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Death Switch Kindle Edition
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|Length: 150 pages||Word Wise: Enabled||Enhanced Typesetting: Enabled|
|Page Flip: Enabled||
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Top Customer Reviews
Yi Ling has an overbearing family and a loveless relationship. She only want to be free. She works as a technician at a cloning hospital and this gives her the chance to do something about her miserable life. When she secretly clones herself, she trains her clone to take her place so she can escape the day. But Yi Ling soon finds she hasn’t just created an instrument that will serve her life. She has created a breathing, feeling human being with her own plans and desires and who claims her own identity in a way that will leave you breathless.
I enjoy reading Philip K. Dick, and found this story in the same vein the way it plays with the implications of a life-changing technology.
Limited options are a major theme in this book. Every character is held in a web of societal laws and interpersonal relationships that they seem desperate to escape with the exception of Ching Mei who is instead restrained from her freedom and happiness by an illness. Mei is an interesting character within that context because she is at the end of any number of branching choices, even biologically. She is a genetic chimera, the result of two twins merging together in the womb. Two possible lives that instead converge into one. All the choices and freedom in the world converging on her cancer. Yi Li is constrained by domineering parents, a limited income and expectations. Almost as soon as the clone begins developing a personality of its own you can feel the story closing in around her, all of the story's potential outcomes narrowing down until we are left with the inevitable conclusion of every doppelgänger story.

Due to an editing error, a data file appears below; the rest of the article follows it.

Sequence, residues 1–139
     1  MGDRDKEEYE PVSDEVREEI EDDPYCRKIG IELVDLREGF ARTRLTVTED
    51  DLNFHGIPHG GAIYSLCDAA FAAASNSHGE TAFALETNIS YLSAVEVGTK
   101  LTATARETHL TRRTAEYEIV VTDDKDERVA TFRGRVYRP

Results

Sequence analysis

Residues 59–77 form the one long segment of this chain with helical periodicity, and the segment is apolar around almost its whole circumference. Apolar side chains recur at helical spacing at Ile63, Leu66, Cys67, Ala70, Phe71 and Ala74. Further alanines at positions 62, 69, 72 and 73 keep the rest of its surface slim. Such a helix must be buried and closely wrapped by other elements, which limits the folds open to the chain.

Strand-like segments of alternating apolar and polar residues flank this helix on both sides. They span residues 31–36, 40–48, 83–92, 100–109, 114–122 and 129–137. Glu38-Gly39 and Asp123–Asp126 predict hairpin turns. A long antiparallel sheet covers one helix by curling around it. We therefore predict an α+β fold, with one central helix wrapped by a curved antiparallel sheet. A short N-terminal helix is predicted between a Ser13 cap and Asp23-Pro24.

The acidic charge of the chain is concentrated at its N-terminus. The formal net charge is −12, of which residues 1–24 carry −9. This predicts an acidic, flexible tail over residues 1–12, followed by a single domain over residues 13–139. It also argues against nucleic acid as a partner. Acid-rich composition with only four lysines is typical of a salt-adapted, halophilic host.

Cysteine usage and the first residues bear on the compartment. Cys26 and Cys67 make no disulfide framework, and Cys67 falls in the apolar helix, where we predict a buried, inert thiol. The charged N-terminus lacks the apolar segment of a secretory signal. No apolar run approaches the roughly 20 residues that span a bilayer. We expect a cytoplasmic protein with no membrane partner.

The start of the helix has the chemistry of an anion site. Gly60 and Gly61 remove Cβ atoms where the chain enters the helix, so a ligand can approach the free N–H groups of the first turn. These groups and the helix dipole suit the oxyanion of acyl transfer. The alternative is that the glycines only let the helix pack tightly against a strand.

There were some great subtle elements in the early parts of this story relating to Ling's abusive family and the way that she was reflecting that behaviour onto her clone but in the final section all subtlety was abandoned and the cycle of abuse myth is on full display including the inevitable “becoming what you hate” cliché in full force. Using the clone to question social mores and indoctrinated beliefs was a nice touch that brought an insightful angle to the story.
For all that Death Switch has a well tread story concept and elements of predictability when examined; the writing is extremely clean and concise, the near future world is realised through subtle elements and the characters have enough depth to carry the plot. The story follows a formula but it follows it so well and carries you along at such a rapid pace that you barely notice. In places the web of story elements overlaps and it becomes very clever indeed. It is a simple story told well. Which I will take over a complex story told badly any day.
Set in the future, a lab technician decides to 'raise' one of the human donors she grows at work in order to replace herself, thereby theoretically allowing her to escape her lousy life. The complications that arise from this, as well as the ethics brought up, make for something to ponder.
I must admit that the ending left me hoping for a 'Death Switch 2' in order to resolve some things, which is why I didn't give it the full five starts. However, the thought-provoking story combined with Green's style and choice of subject matter has inspired me to read her other works.
A quick read, I would definitely check it out if you're into speculative fiction about the implications of new technologies and the constraints we all face as a part of an oppressive society.
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